“But why here?” Steve asks, and Tony’s gratified to see that he appears to be taking him seriously, unlike the others. Bruce is reading the menu in the diner window.

“24 hour coffee drip,” Tony replies. Steve nods slowly.

“So you’re thinking that Loki took Clint here, fed him enough black coffee that he could form full sentences again and then took him somewhere to interrogate him?”

“That’s exactly what I’m thinking, Cap,” Tony says. “Also, I’m starving, and this place does breakfasts that are even greasier than Peter’s face.”

He doesn’t even try to hide the smirk on his face as Peter furrow his brow furiously.

-

Inside the diner, Tony and Steve sit together continue to work on their plan for finding Clint. Any other motivations Tony may have for insisting on this seating plan are buried deep beneath a layer of professionalism.

Bruce and Thor have other ideas. They are single-handedly working their way through every item on the breakfast menu. It isn’t until Thor ends up with almost an entire ice cream stuck in his beard that Steve snaps.

“Do you want to find Clint before he inadvertently leaves Natasha at the altar or not?” he hisses. Bruce looks at him, wide-eyed and covered in crumbs. Thor chews thoughtfully on a four layer bacon sandwich.

“Yes,” he answers eventually.

“Then maybe you could help us,” Steve continues.

Thor nods, ashamed.

“My apologies,” he says, his voice almost at Midgardian levels of quietness. “I just love bacon.”

“We all do,” deadpans Tony.

“I don’t,” pipes up Peter. Tony shoots him a withering glare. Peter sticks his tongue out. Steve bangs his fist on the table and Tony wishes he could say he hadn’t felt even slightly aroused by that.

“This isn’t about bacon!” Steve cries. A passing waitress looks at him strangely. Steve, as usual, doesn’t notice. He never really seems to take in other people’s perceptions of him, Tony thinks. “This is about finding our friend,” he continues. “Look, we all made a mistake last night. We let our guards down, and Clint suffered because of it. We have to find him.”

Bruce looks uneasy. He puts down his pancake.

“Natasha will kill us if we don’t, and not with kindness,” Tony adds. “Probably with napkin rings, actually. Or origami swans.”

Steve sighs.

“Thor,” he says. “Loki’s your brother. You know him better than any of us. Do you have any idea where he might go?”

Thor chews on a piece of fried bread thoughtfully.

“I can honestly say that I do not,” he responds. “My brother is notoriously difficult to understand. All the things I thought I knew about him may well be untrue.”
Bruce pats him on the shoulder.

“Anything you could tell us would help,” Steve presses.

“We’re sort of desperate,” Tony clarifies. “Like, Kim Kardashian desperate.”

“I do not understand that reference,” says Thor. Steve says something that sounds like ‘that makes two of us’. Tony and Bruce exchange knowing glances.

“Look, the big guy doesn’t know,” sighs Peter. He pushes his now empty bowl of porridge away from him and stands up. “Are we done here? ‘Cause I actually have some useful information, remember?”

Tony narrows his eyes. He can’t remember this kid having said anything useful in the entire half hour since they’ve known him, but then again, he hasn’t really been listening.

“Give me a minute,” he says.

He signals to a bored-looking waitress with his cheque book. Steve looks embarrassed. The waitress approaches their table.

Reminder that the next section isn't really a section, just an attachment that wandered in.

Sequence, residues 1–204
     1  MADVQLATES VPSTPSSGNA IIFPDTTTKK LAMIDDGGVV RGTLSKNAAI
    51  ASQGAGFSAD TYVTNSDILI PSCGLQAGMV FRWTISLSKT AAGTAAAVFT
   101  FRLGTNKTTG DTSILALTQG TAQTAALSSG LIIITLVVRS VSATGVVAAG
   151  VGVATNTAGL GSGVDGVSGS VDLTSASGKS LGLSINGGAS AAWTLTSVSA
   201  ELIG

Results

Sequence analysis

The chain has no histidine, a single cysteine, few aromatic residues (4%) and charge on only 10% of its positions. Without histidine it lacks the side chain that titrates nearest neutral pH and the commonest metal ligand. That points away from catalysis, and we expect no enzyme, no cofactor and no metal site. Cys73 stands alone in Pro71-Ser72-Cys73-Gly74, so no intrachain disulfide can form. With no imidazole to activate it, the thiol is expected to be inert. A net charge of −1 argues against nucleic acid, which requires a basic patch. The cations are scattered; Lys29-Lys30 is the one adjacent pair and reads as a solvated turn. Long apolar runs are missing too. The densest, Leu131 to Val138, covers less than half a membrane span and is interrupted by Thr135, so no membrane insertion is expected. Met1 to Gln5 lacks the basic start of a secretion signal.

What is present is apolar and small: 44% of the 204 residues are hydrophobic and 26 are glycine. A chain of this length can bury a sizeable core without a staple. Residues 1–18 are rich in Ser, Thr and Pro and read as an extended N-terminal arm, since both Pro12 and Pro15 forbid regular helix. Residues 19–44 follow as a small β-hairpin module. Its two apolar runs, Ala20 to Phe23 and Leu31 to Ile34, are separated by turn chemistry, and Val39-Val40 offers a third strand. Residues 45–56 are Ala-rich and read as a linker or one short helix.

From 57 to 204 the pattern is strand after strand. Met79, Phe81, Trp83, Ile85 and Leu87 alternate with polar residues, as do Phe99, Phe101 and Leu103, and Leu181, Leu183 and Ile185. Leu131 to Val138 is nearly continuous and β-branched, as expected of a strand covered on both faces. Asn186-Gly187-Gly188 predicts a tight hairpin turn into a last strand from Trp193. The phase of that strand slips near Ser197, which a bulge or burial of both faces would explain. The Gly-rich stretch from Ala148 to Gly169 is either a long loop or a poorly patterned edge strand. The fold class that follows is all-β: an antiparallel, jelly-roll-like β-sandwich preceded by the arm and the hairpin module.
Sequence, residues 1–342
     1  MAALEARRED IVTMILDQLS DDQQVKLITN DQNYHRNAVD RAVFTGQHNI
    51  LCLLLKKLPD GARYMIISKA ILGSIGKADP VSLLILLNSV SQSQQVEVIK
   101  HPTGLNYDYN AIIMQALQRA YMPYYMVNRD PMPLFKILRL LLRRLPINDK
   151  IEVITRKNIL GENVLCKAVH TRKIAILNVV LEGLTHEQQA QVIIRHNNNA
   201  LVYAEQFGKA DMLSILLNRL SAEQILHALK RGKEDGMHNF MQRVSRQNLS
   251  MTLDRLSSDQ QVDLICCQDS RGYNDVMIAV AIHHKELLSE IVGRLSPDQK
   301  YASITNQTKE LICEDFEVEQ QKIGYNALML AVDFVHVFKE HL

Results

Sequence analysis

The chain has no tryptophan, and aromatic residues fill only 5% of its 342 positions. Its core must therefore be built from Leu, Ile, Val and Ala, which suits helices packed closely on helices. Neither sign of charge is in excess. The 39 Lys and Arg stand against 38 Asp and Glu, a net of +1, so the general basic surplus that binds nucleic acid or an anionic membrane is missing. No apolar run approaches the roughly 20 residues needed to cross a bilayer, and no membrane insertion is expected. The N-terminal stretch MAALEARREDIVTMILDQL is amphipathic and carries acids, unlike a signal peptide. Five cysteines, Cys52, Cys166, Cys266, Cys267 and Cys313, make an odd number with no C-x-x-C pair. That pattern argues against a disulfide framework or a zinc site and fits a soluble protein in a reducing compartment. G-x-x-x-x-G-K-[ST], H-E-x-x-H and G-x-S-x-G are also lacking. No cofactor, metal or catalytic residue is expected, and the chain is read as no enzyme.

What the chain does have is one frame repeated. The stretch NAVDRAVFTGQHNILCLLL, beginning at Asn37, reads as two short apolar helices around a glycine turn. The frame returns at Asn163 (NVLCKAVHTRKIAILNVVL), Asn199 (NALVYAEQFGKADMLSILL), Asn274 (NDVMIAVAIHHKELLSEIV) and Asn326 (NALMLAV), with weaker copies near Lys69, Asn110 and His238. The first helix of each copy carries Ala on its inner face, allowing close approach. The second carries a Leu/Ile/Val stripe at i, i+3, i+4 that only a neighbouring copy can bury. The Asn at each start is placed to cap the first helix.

“Sorry to be a bother,” begins Steve. She blushes slightly and Tony rolls his eyes.

“But did you see a tall guy in green last night?” Tony finishes. The waitress’ eyes linger on Steve for a few seconds before she turns to Tony.

“Probably,” she says. “We were busy last night. Don’t remember the details of all our happy customers.”

Tony smirks.

“Oh, you’d remember this one,” he says. “Real tall, black hair, dressed up like a sadomasochistic leprechaun. He had a friend with him, a peppy midget, goes by Clint.”

The waitress narrows her eyes.

“Are you playing some kind of game here?” she asks, resting one hand on her hip.

“Not at all,” Steve assures her. “But we lost one of our friends last night and we’re kind of at a loss as to how to find him.”

The waitress’ harsh glare softens at the genuine look of concern on Steve’s face, and she rests both her hands on their table. Tony doesn’t miss how she angles her bosom towards Steve. Steve does.

“I’m sorry,” she says. “I don’t think I saw anyone of that description. I’ll be sure to let you know if I do, though. You’ll have to give me your number, of course.”

She’s looking directly at Steve, who blushes and looks down at his orange juice. Tony has to try very hard to resist the urge to pinch his cheeks.

“He doesn’t have a number,” Tony interjects. “Guy once mistook a calculator for a cell phone. Wondered why no-one would answer his calls for a month. Thanks for your help, though. We’ll be sure to leave a tip.”

The waitress gives him a thin-lipped smile and looks at Steve once more, who deliberately doesn’t meet her gaze. She sighs.

“You kids have fun looking for the lost midget,” she says, tearing a piece of paper off her notepad and leaving it on the table. Thor looks at it like it might explode. She rolls her eyes and walks away.

“That’s the bill, big guy,” Tony says, digging into his pockets for enough change to cover the cost of their breakfast. “You can pay for your own,” he says to Bruce, who is making his way solidly through a cheese omelette. Bruce shrugs and produces a $20 bill from his pocket.

Tony looks at the bill. The waitress has conveniently forgotten to charge Steve. Tony narrows his eyes. He decides to leave the waitress a tip after all, writing ‘he was out of your league anyway’ on the back of the paper when none of the others are looking.

“Look, as fun as this is, can we please leave now?” Peter asks. Tony pokes him.

“I just paid for your breakfast,” he says. “You’re not in control here.”